18.434: Seminar in Theoretical Computer Science
Recall from last time the multiway cut problem: given a graph with weightededges and a set of terminals S = {s1, s2, . . . , sk} ⊆ V , find the minimumweight set of edges E ⊆ E which, when removed, leaves all terminals sep-arated from all other terminals. Last time, a combinatorial algorithm wasgiven with an approximation factor of 2 − 2 . This lecture will show a ran-
domized linear programming algorithm with an approximation factor of 3 .
k denote the k − 1 dimensional simplex; that is, the surface in R
the ith coordinate of x. The LP relaxation will map each vertex of G to apoint in ∆k. Each terminal will be mapped to a different unit vector. Letxv represent the point to which vertex v is mapped. Define the length of anedge (u, v) to be
An integer solution to this relaxation maps each vertex of G to a unit
vector. Each vertex represents a component of the graph after E is removed. Edges within one component have length 0, and edges between components(i.e., those in E ) have length 1. The function being minimized is thereforeequal to the cost of E .
It is not clear that the above is a true linear program, due to the absolute
values. However, this is not a problem. To create an equivalent true linearprogram, replace the first constraint with:
Because of the minimization, any optimal solution must satisfy xiuv) =
We may assume, without loss of generality, that for each edge (u, v) ∈ E,
xu and xv differ in at most two coordinates.
Proof. Along any edge (u, v) where xu and xv differ in more than two co-ordinates, insert a new vertex w and replace (u, v) with (u, w) and (w, v). Assign both (u, w) and (w, v) the same cost as (u, v). This does not changethe cost of the optimal integral solution.
Now consider the optimal fractional solution. Since d is a valid distance
function, d(u, w) + d(w, v) ≥ d(u, v).
solution cannot decrease because of the addition of w. Now, let i be thecoordinate in which the difference between xi and xi is minimal (disregarding
coordinates where xi = xi ). Without loss of generality assume xi < xi and
let α = xi −xi . There must be a coordinate j such that xj ≥ xj +α. Consider
the solution with xi = xi and xj = xj + α. All other coordinates of x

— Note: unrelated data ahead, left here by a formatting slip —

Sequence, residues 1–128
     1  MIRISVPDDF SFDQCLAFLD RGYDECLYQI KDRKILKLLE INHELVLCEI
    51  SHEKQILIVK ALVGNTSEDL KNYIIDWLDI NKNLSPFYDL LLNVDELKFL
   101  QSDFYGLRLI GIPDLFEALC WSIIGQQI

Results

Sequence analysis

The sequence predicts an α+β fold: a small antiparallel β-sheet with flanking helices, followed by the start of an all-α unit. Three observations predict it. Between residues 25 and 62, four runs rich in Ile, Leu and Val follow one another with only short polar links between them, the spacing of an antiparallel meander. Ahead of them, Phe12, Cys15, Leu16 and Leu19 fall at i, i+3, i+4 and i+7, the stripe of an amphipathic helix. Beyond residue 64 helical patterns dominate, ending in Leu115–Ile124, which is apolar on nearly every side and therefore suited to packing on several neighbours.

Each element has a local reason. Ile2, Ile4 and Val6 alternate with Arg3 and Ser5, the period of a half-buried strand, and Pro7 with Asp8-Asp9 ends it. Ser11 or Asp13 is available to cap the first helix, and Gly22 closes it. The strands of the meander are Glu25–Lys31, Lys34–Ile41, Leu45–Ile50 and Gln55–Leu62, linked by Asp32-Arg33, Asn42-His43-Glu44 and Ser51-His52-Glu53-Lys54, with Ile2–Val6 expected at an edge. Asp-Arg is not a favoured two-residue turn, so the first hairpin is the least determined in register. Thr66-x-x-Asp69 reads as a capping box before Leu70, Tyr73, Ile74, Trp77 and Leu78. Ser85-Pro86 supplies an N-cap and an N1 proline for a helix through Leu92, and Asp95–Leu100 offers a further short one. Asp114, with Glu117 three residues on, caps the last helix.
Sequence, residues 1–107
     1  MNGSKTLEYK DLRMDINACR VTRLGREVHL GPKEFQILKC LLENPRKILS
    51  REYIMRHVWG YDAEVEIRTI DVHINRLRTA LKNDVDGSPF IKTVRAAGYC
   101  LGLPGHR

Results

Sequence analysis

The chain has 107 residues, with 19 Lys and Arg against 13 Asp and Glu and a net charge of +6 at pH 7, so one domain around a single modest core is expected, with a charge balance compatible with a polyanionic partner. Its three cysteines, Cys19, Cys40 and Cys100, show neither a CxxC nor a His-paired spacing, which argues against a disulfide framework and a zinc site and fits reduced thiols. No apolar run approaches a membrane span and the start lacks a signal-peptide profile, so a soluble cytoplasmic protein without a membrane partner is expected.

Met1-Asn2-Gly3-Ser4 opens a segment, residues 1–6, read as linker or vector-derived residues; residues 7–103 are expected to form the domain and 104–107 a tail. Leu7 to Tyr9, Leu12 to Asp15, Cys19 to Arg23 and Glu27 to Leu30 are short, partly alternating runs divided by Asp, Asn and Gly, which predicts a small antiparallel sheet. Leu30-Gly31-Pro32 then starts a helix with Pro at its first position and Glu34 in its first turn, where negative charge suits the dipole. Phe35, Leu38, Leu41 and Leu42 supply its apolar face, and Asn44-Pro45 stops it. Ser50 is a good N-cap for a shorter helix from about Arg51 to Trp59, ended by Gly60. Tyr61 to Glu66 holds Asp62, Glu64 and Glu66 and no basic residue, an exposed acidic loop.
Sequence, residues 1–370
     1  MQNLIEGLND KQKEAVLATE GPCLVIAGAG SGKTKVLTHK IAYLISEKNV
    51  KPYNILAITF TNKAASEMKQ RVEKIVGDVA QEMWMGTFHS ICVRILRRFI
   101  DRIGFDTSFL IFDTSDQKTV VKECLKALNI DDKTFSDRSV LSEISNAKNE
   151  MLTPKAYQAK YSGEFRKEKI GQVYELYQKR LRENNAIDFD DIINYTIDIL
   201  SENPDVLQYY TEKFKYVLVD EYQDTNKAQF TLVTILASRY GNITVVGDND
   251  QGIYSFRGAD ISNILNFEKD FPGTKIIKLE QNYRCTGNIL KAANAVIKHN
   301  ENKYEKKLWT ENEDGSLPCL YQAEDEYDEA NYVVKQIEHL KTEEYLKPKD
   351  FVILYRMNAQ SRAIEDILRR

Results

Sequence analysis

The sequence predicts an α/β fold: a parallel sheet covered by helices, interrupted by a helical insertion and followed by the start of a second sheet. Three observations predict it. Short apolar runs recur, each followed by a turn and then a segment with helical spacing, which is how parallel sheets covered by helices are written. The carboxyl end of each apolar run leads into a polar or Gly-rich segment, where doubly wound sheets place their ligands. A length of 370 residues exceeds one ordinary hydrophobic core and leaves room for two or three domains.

equal to those of xv. This gives xw ∈ ∆k and d(u, v) = d(u, w) + d(w, v).
xv and xw differ in only two coordinates, and xw and xu differ in fewer
coordinates than xu and xv. Repeated application of this process will give asolution with the same cost and with the desired property.
Take an optimal solution to the relaxation with edges whose endpoints differin at most two coordinates, and let OP T denote its cost.
(u, v) ∈ E|xi = xi . (Note that each edge will lie in two of these sets.) Define
c(e)d(e). Without loss of generality, assume that W
greatest of W1, . . . , Wk. Also define B(si, ρ) = v ∈ V |xi ≥ ρ.
The algorithm operates as follows. First, pick ρ at random in (0, 1) and
an ordering σ from (1, 2, . . . , k − 1, k) and (k − 1, k − 2, . . . , 1, k). Thenpartition V into V1, . . . , Vk as follows. Proceed in the order given by σ. EachVi should contain all vertices in B(si, ρ) that have not already been assignedto a previous Vi. At the end, assign all unused vertices to Vk. The setsV1, . . . , Vk are the components after removing the cut, and edges betweenvertices in two different sets are in the cut.
1. Compute an optimal solution to relaxation.
2. Renumber the terminals so that Wk is largest among W1, . . . , Wk.
3. Pick uniformly at random ρ ∈ (0, 1) and
σ ∈ (1, 2, . . . , k − 1, k), (k − 1, k − 2, . . . , 1, k).
4. For i = 1 to k − 1: Vσ(i) ← B(si, ρ) −
6. Let C be the set of edges that run between sets in the partition
Let C be the cut produced by the algorithm, c(C) be the cost of C, and OP Tbe the cost of the optimal solution to the linear program. We will show thatE[c(C)], the expected value of c(C), is at most (1.5 − 1 ) × OP T .
Lemma 1. If e ∈ Ek, then Pr[e ∈ C] ≤ d(e).
Proof. The endpoints of E differ in coordinates i and k. Since Vk is deter-mined without considering the coordinates of the points left over, and allcoordinates except i and k are equal, the only way that endpoints u and vwill end up in different sets is if one (but not the other) is in Vi. This occursif and only if ρ is between xi and xi . This has probability d(e).
Lemma 2. If e ∈ E − Ek, then Pr[e ∈ C] ≤ 1.5d(e).
Proof. The endpoints of E, u and v, differ in coordinates i and j. Let β bethe interval [xj , xj ] and let α be the part of [xi , xi ] that does not overlap
with β. u and v can each end up in either Vi, Vj, or Vk. Assume withoutloss of generality that α is closer to 0 than β. (If not, switching the values ofi and j makes it so.) u and v end up in different sets if and only if ρ ∈ β, orρ ∈ α and σ(i) < σ(j). Therefore Pr[e ∈ C] = |β| + |α| ≤ 1.5d(e) (because
Theorem 1. E[c(C)] ≤ (1.5 − 1 ) × OP T .
i = 2 · OP T , and Wk was chosen to be the

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